As I left I picked one of the new buttercups from along the trail, yellow as eggs and sugar mixed in a bowl, and before I could think what I was doing I held it to my chin and said “Is it there?” but of course this was stupid. There was nobody to observe whether my reflection was present or not.

© Copyright 2009 Donnie Dale. All rights reserved

Donnie Dale’s published novel is A Hunter’s Fire. A horror film he co-wrote was produced but never released. He has had several other screenplays optioned and was a writer on the true crime show Arrest & Trial. He makes his living as a freelance magazine writer. He used all but six of the thousand words allotted to him in writing Air Lines. The words he left out are crucible, maniac, fizzled, draconian and two buts.

Terror on the Ten

Terror on the Ten
By Yevette J. West

My wife Diane and I are taking a road trip to Dallas to attend an Anniversary party. We are on the 10-East crossing the Arizona state line into New Mexico. It’s a hot, early August afternoon—105 degrees according to the dash gauge. Even though we left our cozy place in Bungalow Heaven about 10 hours ago, I’m ready to turn around and head back home. Diane loves road trips and I hate them. We could have sent a card instead of going to the party and taken a mini-vacation within the great State of California. I lost that argument just as I am losing the argument in progress.

“Afraid of bugs?” Diane let this fact she had just learned about me sink in. “My gawd Dominic! You’re kidding me, right? I’ve known you for over 10 years. How did I not know this?”

“That’s why I love California—very few bugs. Besides we all know you’re not afraid of anything Miss Man Hands.” Diane ignored me.

“I’m afraid of some things, but not bugs. I just don’t like them on me, but who does? Anyway, isn’t that an oxymoron—you afraid of bugs? I mean, my gawwd Dominic, you’re grillions of times bigger than insects!”

“You’re an oxymoron, without the oxy.” I tried to be witty…nothin’.

“Wow, you of all people afraid of bugs.” she continued. “I guess we won’t be moving to Florida to retire after all.”

I could feel my face getting hot and although the a/c was on, I let my window down half way to get some fresh air—hot as it was. “I’m not afraid of bugs. I just have a phobia of them. For your information, it’s called entomophobia and it’s a real issue for a lot of people.” Who was I kidding? It was more than an issue. I’m 6′ 4″, 225 pounds, but bugs represent inconceivable horror to me, period.

Just then, as if on cue, something flew in through my half open window and landed in the back seat. A cold chill of dread-fear ran down my spine as I heard—whatever it was—fluttering in the back. Diane didn’t hear it, but my bionic hearing was locked on to the noise.

“I mean the South is full of bugs…” Diane rambled on but all I could focus on was the back seat. The fluttering had stopped and the grip I had on the steering wheel, now slick with perspiration, relaxed slightly. Diane didn’t notice because she was too busy talking…to herself.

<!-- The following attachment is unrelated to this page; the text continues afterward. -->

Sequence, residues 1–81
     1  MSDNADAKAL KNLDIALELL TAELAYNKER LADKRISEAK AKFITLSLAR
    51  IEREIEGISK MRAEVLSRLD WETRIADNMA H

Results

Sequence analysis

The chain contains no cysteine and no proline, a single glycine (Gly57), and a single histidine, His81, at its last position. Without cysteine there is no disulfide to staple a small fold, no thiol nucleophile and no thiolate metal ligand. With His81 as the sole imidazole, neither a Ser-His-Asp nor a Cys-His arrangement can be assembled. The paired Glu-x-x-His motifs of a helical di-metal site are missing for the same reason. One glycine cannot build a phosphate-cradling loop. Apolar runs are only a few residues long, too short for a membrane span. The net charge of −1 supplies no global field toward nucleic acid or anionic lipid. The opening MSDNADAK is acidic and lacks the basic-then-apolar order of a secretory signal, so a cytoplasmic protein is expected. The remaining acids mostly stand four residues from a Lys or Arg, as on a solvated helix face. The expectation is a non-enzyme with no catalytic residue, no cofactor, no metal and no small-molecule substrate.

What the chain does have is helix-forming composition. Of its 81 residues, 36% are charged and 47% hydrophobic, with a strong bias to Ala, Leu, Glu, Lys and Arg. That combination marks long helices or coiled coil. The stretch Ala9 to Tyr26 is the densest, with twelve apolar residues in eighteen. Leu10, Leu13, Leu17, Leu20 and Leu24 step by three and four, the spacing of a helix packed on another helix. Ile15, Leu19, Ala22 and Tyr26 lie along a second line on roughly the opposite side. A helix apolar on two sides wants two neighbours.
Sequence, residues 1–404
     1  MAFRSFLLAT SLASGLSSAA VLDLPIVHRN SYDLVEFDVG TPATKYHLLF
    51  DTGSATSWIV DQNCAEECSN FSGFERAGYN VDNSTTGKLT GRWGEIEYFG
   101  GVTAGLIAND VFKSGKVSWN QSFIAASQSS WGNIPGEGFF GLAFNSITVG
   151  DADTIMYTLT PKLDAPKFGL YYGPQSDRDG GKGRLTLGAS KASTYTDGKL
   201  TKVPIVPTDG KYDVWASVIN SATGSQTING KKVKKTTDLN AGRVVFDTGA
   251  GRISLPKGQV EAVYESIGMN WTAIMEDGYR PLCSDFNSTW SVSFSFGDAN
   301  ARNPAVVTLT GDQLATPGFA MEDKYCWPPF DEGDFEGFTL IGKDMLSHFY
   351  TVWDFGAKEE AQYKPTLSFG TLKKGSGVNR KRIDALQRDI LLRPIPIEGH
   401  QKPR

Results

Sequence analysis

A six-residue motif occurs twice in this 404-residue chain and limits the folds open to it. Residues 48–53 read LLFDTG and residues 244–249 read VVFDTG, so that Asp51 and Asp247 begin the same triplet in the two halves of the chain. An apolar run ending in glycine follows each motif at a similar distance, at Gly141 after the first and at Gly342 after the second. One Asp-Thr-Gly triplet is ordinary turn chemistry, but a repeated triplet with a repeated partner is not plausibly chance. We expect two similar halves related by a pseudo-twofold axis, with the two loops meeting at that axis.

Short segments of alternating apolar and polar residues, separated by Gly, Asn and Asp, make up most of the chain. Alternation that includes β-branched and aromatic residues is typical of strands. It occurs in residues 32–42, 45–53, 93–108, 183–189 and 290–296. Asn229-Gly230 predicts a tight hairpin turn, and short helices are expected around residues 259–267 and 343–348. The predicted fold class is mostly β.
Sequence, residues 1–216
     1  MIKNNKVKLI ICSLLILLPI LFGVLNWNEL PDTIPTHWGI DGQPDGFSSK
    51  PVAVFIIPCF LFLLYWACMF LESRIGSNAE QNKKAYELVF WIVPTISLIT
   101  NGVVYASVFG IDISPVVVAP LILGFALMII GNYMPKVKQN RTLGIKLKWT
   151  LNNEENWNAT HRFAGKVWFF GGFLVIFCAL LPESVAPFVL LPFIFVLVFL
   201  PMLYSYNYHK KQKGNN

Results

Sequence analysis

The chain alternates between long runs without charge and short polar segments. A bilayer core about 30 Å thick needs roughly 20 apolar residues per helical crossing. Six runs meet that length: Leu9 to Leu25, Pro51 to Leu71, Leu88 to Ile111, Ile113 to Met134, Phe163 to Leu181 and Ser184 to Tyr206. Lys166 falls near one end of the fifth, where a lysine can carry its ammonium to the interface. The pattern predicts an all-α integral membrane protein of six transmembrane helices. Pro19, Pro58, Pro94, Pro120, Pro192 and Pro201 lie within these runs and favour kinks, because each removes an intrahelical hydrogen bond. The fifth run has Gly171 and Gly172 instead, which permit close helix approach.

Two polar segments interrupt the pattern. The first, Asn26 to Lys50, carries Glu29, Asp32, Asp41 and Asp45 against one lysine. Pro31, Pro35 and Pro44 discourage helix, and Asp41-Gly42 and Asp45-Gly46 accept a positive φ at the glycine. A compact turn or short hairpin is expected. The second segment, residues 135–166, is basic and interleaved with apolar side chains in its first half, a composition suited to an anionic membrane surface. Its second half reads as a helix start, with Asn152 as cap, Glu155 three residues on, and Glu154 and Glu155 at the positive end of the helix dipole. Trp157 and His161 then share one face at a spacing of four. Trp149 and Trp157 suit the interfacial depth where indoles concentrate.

The fluttering started again and while scanning the back of the car via the rearview mirror, I saw a giant grasshopper crawling up the back seat towards the rear window. Suddenly, to my horror, it flew towards us and landed on the back of Diane’s seat. I must remain calm…

“So what are you afraid of? They can’t hurt you unless it’s a wasp or something. Everybody’s scared of those things…” Shut up Diane! For crisake don’t you realize there’s a monster on the back of your seat!

“Hey Di, you mind if we turn off the a/c and let the windows down? We’re getting low on gas.” Who gives a shit about gas! Let’s get these damn windows down so that thing can get the hell outta here! I turned off the air conditoner and Diane rolled down her window. As soon as she did, however, another grasshopper flew in and landed in the back seat. Diane didn’t see it, but I, on the other hand, flinched and simultaneously jerked the car noticeably to the left.

“Are you falling asleep? What’s wrong with you?” she asked, annoyed.

“Nothing!” I squeaked. I was visibly sweating now. At that moment the grasshopper on the back of Diane’s seat decided to move closer to the top of her seat. I now had full view of it. I could also see the other grasshopper in the rearview mirror. It was now crawling up the back window. My eyes were straining to watch these two hideous creatures and watch the road. Hold it together man!

“Thank gawd there’s a gas station up there. Pull over Dom, I gotta pee.”

I took the next exit going 80, ignoring the 30-MPH sign. Just as I approached the gas station the grasshopper on Diane’s seat flew at me and landed on my headrest. I let out a gut-wrenching “I’m being attacked by a great white shark!” scream. I hunched my shoulders in an attempt to protect myself and my chin was almost touching the steering wheel. I was holding the wheel so tight my hands were starting to throb.